Appalling Spawn - Freedom, Hope And Fury
Inferno Records
Melodic Death/Grind
10 songs (35:12)
Release year: 1998
Reviewed by Goat
Archive review

The name of Lykathea Aflame has long been dear to the black hearts of the underground, but few seem to be as familiar with the band’s earlier incarnation, the Brutal Death/Grind machine that went by the name of Appalling Spawn. Although the Eastern elements in the band’s sound are yet to arrive, the interestingly melodic riffing and diverse drumwork are still very much present and correct, and these form an attack that most fans of Death Metal will be unable to resist.

Easiest compared to the avant-Grind of old Cryptopsy mixed with Suffocation’s unhinged power, Freedom, Hope And Fury is unmistakably heavy yet melodic at the same time. Songs are constructed around progressively-minded sets of riffs from guitarists Petr and Ondrej, and ferocious backing from drummer Gabriel; although it’s (mostly) fast and brutal music, it’s easy to grasp and enjoy, the melodic likes of Sublime Fury touching on Melodeath as much as the Brutal variant. You need to listen a few times to really crack the album, as initial listens can leave My Heaven, for example, sounding rather repetitive, but once you’ve heard it a couple times more it’s little short of excellent. You can blame this partially on the easily audible bass (played to perfection by Andy Maresh) which twangs along with the guitars and gives everything an almost galloping, Iron Maiden-y touch. Of course, the band’s sense of melody helps too, creating a perfect mix of headbanging groove and twisted melodies, dancing beneath a heavy, overcast sky.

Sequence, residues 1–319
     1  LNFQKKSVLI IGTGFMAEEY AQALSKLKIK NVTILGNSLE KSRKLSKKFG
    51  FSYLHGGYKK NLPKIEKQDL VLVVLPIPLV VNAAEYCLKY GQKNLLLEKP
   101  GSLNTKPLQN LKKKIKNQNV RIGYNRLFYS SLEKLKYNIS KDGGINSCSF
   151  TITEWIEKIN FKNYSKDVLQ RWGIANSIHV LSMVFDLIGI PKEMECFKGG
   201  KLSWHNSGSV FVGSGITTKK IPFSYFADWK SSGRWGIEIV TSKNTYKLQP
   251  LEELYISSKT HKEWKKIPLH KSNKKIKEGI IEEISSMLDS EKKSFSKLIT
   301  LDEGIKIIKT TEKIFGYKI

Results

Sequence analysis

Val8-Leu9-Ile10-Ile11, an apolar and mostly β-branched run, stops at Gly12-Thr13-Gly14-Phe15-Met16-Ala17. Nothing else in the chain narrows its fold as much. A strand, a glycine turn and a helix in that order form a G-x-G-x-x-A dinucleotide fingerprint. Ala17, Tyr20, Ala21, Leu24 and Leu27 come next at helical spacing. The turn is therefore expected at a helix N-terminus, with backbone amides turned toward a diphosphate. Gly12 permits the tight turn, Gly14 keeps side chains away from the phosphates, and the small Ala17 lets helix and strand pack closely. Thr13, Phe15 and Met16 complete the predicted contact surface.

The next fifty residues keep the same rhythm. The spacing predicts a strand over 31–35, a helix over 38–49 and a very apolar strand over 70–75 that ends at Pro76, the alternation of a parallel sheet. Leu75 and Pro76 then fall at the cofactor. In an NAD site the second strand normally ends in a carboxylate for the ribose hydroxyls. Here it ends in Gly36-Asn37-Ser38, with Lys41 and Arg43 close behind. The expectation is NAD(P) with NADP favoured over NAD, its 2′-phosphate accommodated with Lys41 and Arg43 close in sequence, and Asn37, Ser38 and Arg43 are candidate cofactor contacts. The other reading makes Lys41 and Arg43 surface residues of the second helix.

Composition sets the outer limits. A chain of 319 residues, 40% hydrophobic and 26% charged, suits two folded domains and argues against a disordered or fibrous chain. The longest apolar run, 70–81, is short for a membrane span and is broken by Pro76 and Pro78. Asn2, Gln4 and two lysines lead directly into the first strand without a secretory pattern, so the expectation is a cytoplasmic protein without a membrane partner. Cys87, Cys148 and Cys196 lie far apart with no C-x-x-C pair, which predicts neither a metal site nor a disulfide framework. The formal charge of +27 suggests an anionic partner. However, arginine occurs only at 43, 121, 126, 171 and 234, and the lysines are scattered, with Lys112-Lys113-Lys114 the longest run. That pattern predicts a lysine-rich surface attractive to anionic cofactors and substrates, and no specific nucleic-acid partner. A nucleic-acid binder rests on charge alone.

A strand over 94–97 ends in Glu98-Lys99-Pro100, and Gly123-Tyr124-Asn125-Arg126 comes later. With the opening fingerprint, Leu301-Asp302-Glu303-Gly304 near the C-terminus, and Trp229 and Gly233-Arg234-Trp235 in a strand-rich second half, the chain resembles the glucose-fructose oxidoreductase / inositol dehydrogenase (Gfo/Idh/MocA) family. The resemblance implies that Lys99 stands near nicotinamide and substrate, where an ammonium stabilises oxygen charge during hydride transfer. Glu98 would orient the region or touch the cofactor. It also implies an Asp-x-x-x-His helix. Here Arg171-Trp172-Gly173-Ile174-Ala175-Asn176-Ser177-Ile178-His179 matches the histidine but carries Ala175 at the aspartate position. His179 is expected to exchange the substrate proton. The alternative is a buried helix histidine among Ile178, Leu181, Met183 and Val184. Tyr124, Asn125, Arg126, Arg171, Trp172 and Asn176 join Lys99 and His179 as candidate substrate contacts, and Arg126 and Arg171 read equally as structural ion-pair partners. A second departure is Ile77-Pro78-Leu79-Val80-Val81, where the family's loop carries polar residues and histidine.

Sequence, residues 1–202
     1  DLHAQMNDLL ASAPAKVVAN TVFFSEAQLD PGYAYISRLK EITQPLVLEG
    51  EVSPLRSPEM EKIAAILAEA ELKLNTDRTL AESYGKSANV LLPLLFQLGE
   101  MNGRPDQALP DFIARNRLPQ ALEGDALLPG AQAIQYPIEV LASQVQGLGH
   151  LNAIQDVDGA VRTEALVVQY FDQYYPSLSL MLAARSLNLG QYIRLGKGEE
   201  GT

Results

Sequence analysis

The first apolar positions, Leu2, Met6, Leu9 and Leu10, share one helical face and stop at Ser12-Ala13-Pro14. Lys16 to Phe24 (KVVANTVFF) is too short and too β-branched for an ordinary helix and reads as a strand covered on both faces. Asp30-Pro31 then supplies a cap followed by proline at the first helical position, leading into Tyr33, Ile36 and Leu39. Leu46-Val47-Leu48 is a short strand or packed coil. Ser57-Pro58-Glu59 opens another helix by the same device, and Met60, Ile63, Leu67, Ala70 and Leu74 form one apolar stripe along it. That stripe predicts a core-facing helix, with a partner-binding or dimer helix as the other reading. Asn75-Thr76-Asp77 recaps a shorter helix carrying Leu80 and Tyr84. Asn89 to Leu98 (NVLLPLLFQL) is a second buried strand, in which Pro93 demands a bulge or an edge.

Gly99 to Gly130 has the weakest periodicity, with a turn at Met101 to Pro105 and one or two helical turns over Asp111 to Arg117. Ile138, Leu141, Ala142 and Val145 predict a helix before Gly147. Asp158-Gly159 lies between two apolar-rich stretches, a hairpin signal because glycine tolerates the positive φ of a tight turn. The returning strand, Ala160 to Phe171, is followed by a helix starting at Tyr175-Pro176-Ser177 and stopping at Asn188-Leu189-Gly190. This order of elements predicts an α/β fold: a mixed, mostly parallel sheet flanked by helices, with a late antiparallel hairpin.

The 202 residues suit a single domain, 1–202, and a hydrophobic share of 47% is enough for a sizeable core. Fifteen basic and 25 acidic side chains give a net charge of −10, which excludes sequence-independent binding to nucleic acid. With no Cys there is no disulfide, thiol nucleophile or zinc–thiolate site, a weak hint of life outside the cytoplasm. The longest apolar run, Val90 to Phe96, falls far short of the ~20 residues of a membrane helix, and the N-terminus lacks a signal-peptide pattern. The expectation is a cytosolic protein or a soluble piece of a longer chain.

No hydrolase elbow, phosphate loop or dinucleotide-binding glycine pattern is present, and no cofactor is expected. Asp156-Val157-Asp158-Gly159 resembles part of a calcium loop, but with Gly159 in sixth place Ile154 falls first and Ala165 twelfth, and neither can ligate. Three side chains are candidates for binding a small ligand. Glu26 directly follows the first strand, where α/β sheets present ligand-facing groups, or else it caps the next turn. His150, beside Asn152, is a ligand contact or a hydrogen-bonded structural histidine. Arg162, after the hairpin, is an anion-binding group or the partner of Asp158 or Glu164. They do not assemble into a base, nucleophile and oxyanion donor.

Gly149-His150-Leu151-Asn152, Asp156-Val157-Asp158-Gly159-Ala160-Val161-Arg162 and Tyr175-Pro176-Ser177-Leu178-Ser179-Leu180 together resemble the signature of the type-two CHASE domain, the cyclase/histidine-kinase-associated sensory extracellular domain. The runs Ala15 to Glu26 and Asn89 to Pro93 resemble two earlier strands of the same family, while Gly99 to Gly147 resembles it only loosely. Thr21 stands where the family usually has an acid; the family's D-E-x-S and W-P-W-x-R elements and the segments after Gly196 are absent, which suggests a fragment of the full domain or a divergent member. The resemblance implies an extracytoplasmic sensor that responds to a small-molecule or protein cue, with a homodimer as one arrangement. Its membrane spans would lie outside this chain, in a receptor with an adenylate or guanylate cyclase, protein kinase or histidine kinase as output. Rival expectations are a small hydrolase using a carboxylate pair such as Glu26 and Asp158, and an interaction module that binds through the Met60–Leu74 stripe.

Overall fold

There’s an innate professionalism running through the veins of the album that extends to even the classical-infused weirdness of interlude piece Azure Waters Of Inthera. It’s well-considered and more than just filler; indeed, at just a minute and a half in length you’ll find yourself wishing for more! Definitely a suitable foil to the general heaviness, as melodic as the subtle leads in the likes of Voyage To Inward Freedom and hinting at future grandeur from the band; it makes the drum-lead in to the chaotic By Sword And Heart seems more brutal as a result.

Few will argue that Freedom, Hope And Fury is the best piece of music to come from this group of musicians – the band changed its name soon after with the departure of drummer Gabriel, and it’s the newly-named Lykathea Aflame’s only release to date Elvenefris which generally gets the kudos, rightfully so, I think, as it’s undeniably several steps more evolved than Freedom, Hope And Fury. Looking at this album for what it is, however, results in nothing but positivity. Those that enjoyed the cerebral battery of Cryptopsy’s classic None So Vile will find much of the same power present here, albeit under a veil of melody that wraps around the listeners’ shoulders and keeps them coming back for more. Seriously, if the weird lead riffs and bonecrushing brutality of, say, Celestian don’t appeal, then there’s something seriously wrong with your Death Metal tastes.

MySpace (fan)
Killing Songs :
Manthra Of Hope, My Heaven, Sublime Fury, By Sword And Heart, Celestian
Goat quoted 87 / 100
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